Startup: A Silicon Valley Venture Story

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Houghton Mifflin Harcourt Publishing Company, 1995 - Computer industry - 322 pages
14 Reviews
Jerry Kaplan had a dream: he would redefine the known universe (and get very rich) by creating a new kind of computer. All he needed was sixty million dollars, a few hundred employees, a maniacal belief in his ability to win the Silicon Valley startup game. Kaplan, a well-known figure in the computer industry, founded GO Corporation in 1987, and for several years it was one of the hottest new ventures in the Valley. Startup tells the story of Kaplan's wild ride: how he assembled a brilliant but fractious team of engineers, software designers, and investors; pioneered the emerging market for hand-held computers operated with a pen instead of a keyboard; and careened from crisis to crisis without ever losing his passion for his revolutionary idea. Along the way, Kaplan vividly recreates his encounters with eccentric employees, risk-addicted venture capitalists, and industry giants such as Bill Gates and John Sculley. And no one -- including Kaplan himself -- is spared his sharp wit and o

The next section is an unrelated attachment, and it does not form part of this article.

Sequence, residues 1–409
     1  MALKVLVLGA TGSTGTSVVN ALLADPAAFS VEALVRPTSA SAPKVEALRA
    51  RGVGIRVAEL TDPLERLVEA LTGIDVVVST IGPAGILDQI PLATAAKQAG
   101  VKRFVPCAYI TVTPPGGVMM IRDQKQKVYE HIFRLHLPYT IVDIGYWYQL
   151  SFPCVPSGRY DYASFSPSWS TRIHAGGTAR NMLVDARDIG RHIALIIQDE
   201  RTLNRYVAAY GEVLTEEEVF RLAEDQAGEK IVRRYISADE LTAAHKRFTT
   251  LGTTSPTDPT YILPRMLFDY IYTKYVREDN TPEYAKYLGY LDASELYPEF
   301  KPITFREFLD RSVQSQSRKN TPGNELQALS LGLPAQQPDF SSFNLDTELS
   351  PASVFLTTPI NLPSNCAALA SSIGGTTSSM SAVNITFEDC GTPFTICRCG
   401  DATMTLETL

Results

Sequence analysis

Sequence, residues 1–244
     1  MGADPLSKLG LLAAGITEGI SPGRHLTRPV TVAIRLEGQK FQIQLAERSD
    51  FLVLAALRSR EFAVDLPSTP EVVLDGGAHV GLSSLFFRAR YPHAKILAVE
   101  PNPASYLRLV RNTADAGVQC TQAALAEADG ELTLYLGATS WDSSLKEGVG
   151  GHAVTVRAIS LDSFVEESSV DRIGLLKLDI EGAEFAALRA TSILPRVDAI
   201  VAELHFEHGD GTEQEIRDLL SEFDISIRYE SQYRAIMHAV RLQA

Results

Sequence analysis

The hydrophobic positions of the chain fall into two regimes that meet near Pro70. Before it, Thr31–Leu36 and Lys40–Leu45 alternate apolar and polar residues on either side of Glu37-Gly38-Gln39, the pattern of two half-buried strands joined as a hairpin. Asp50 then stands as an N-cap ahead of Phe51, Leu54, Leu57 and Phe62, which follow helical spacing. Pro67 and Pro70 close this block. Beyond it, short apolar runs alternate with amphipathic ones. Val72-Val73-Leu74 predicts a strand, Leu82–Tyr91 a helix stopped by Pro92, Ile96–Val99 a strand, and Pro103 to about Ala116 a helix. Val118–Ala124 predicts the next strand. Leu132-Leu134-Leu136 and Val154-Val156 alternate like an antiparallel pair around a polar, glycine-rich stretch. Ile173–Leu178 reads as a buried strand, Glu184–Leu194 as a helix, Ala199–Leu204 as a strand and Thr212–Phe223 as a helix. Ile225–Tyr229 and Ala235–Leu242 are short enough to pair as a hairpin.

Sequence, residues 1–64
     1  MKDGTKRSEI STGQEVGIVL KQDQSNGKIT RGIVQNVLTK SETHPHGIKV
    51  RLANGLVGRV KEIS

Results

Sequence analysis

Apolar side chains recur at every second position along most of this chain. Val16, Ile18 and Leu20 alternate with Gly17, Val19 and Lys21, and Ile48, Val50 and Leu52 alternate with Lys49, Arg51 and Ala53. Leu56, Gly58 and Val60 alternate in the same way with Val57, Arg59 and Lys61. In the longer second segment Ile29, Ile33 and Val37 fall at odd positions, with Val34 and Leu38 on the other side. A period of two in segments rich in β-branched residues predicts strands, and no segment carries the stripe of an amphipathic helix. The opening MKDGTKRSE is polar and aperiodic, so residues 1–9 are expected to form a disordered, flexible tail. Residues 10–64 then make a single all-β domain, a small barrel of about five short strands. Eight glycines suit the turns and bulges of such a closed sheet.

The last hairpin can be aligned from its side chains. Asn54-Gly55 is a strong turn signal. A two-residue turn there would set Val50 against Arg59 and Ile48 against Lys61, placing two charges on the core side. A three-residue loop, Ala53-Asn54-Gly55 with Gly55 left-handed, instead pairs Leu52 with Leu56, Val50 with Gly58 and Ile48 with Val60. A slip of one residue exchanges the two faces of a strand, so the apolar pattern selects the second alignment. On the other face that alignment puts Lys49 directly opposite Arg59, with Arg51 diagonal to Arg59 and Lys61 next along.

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LibraryThing Review

User Review  - chaosmogony - LibraryThing

Another Ferriss-style "how I got rich by starting a business" book. I don't hate these, and I almost find something useful in them, even if it's just motivation (which is the only explanation I have ... Read full review

LibraryThing Review

User Review  - amanderson - LibraryThing

This was an inspiring read about entrepreneurs who fairly recently started small businesses on a shoestring. It's more of a motivational type book than a thorough analysis; a glimpse of the businesses ... Read full review

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